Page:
MONDAY, July 17, 2017 (HealthDay News) -- Many American teens may not get recommended vaccinations, and their parents might bear some of the blame, a new study suggests.
The national poll of 614 parents with at least one teenager found that more than one-third didn't know when their teen's next vaccine was due. And half incorrectly thought that their doctor would contact them for an appointment at the appropriate time.
"When kids are little, their pediatricians usually schedule visits to coincide with the timing of recommended vaccinations," said Sarah Clark. She is co-director of the C.S. Mott Children's Hospital National Poll on Children's Health at the University of Michigan.
"As children get older, well-child appointments occur less often and health providers may not address vaccines during brief visits for sickness or injury. Many teens may be missing out on important vaccines simply because families aren't aware it's time for one," she added in a university news release.
Rates of certain teen vaccinations are well below public health targets. For example, only one-third of teens have received the second dose of meningitis vaccine by age 17, and less than half of boys aged 13 to 17 have completed the HPV vaccine series, according to the U.S. Centers for Disease Control and Prevention.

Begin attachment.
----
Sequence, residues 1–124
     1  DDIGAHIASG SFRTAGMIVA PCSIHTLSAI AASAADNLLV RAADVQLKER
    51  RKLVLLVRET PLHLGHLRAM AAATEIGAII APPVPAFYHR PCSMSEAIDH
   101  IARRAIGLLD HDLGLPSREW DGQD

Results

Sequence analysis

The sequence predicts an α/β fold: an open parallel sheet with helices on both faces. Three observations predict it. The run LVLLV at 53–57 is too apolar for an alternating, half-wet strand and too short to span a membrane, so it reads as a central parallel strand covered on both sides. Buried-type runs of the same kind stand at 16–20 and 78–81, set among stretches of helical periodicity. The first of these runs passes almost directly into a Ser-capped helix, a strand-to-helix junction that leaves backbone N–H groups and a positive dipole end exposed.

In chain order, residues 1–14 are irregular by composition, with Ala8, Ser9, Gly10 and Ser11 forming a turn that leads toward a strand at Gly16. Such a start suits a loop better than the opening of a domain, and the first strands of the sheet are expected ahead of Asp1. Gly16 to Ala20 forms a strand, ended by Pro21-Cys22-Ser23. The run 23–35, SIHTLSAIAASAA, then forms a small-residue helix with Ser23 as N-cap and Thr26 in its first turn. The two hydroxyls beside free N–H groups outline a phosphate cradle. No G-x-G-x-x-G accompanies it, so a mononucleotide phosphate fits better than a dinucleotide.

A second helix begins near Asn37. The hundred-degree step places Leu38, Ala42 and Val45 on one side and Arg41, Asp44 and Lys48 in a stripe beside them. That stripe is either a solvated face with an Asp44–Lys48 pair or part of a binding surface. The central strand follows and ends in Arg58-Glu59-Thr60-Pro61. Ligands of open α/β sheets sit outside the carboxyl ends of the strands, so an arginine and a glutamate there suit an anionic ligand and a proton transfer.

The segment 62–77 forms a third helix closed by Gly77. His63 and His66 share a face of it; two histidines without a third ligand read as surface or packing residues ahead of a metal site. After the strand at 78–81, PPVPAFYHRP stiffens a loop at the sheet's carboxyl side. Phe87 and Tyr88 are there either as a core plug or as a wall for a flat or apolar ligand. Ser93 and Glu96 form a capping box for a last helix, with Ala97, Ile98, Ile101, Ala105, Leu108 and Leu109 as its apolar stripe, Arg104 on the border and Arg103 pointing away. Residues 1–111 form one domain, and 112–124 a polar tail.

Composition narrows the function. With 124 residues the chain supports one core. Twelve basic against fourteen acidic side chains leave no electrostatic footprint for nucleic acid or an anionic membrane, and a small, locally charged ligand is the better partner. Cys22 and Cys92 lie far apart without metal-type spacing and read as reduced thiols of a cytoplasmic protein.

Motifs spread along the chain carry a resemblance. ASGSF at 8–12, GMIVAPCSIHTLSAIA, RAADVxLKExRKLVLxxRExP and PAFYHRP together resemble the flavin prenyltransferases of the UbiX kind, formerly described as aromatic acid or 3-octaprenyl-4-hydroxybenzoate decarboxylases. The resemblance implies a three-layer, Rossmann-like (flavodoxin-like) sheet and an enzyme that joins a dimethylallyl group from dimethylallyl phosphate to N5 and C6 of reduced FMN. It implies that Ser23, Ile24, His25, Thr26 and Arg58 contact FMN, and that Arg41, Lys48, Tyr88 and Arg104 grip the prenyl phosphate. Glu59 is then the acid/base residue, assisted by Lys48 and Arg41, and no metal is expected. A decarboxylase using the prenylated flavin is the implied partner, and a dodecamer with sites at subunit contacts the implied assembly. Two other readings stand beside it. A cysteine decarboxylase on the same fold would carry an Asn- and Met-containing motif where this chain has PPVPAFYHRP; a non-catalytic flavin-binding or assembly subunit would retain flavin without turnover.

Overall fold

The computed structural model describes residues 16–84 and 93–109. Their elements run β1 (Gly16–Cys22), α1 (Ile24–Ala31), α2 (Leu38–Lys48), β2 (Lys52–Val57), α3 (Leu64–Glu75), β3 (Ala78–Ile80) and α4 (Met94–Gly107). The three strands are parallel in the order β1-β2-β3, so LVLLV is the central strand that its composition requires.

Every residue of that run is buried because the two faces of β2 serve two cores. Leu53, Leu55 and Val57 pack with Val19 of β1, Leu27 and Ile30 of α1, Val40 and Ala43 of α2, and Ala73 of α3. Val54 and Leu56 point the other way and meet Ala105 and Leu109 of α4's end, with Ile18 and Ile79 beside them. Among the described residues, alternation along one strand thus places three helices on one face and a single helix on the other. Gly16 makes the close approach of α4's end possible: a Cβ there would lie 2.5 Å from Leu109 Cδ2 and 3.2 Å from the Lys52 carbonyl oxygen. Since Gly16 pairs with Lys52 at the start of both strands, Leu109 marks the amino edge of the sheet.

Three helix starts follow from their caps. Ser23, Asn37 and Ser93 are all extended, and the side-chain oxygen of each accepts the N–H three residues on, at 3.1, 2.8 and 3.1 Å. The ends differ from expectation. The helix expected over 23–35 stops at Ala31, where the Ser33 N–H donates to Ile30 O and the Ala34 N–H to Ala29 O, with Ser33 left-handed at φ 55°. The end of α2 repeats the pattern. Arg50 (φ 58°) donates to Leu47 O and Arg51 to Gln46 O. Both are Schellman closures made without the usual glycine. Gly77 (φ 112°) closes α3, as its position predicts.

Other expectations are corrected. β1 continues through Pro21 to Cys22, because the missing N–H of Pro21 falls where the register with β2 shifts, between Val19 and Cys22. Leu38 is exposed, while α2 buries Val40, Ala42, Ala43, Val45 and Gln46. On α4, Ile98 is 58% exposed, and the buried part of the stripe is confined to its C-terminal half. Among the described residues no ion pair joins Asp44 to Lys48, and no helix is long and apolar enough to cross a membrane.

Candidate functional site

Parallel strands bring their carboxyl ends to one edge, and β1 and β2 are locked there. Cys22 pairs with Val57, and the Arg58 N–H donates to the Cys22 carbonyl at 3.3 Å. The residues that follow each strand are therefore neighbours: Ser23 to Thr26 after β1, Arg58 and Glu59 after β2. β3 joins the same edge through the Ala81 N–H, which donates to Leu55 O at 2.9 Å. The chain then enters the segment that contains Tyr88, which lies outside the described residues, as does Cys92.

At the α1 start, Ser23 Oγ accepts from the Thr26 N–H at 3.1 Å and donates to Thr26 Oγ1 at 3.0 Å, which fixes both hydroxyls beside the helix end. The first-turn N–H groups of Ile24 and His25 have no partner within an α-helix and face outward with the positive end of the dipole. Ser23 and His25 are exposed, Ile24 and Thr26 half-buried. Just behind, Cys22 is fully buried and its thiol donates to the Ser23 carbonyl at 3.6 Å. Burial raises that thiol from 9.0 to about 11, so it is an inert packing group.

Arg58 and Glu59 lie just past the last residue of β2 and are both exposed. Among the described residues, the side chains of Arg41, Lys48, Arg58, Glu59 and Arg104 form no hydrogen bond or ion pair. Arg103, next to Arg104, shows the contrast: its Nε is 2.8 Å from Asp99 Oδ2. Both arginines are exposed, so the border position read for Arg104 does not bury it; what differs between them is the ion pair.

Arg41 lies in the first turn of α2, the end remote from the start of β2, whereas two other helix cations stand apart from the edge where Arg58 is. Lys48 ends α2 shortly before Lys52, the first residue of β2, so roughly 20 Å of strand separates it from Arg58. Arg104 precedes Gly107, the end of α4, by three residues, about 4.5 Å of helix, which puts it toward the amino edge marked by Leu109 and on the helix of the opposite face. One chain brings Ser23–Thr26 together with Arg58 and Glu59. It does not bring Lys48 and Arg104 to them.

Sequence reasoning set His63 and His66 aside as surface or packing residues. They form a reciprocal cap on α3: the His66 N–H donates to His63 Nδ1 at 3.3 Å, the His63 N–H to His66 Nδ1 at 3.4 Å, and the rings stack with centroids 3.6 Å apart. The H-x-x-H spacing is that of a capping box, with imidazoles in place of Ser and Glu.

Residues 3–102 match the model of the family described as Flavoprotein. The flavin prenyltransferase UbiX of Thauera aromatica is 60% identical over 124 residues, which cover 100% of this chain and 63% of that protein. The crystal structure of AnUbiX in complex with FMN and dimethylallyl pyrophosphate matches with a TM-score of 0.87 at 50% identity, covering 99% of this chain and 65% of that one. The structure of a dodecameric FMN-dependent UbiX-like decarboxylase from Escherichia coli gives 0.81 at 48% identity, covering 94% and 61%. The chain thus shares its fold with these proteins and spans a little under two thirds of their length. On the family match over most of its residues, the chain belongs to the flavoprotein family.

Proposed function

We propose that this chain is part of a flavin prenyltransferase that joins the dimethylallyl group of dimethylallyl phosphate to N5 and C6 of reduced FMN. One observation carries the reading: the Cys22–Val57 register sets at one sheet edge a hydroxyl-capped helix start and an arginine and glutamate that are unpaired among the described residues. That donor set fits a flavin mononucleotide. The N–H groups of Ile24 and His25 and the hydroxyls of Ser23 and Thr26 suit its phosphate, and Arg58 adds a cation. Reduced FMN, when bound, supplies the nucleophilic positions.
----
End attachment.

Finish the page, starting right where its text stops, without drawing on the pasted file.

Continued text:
Despite those low rates, more than 90 percent of the parents in the survey believed their teen had received all their recommended vaccines.
"Our poll found a significant gap between national data on teen vaccination rates and what parents report. This indicates that many parents are unclear about the additional vaccines their teen may need," Clark said.
The main way parents knew their teen was due for another vaccination was through their doctor's office. Either the doctor scheduled an appointment for vaccination (44 percent), the doctor or nurse mentioned vaccination during an office visit (40 percent), or the doctor's office sent families reminders (11 percent).
Another type of reminder was a notice from their teen's school, health plan or local public health department.
"Parents rely on child health providers to guide them on vaccines -- in early childhood and during the teen years," Clark said. "Given the general lack of awareness about adolescent vaccines shown in this poll, there is a clear need for providers to be more proactive for their teen patients."
SOURCE: University of Michigan, news release, July 17, 2017